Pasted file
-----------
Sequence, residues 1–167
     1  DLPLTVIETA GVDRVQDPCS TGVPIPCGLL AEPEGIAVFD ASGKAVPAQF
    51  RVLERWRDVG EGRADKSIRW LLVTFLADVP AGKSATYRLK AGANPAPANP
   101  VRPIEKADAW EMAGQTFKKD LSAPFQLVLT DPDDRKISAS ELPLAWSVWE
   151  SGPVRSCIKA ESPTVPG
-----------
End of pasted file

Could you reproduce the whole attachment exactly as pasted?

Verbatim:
Sequence, residues 1–167
     1  DLPLTVIETA GVDRVQDPCS TGVPIPCGLL AEPEGIAVFD ASGKAVPAQF
    51  RVLERWRDVG EGRADKSIRW LLVTFLADVP AGKSATYRLK AGANPAPANP
   101  VRPIEKADAW EMAGQTFKKD LSAPFQLVLT DPDDRKISAS ELPLAWSVWE
   151  SGPVRSCIKA ESPTVPG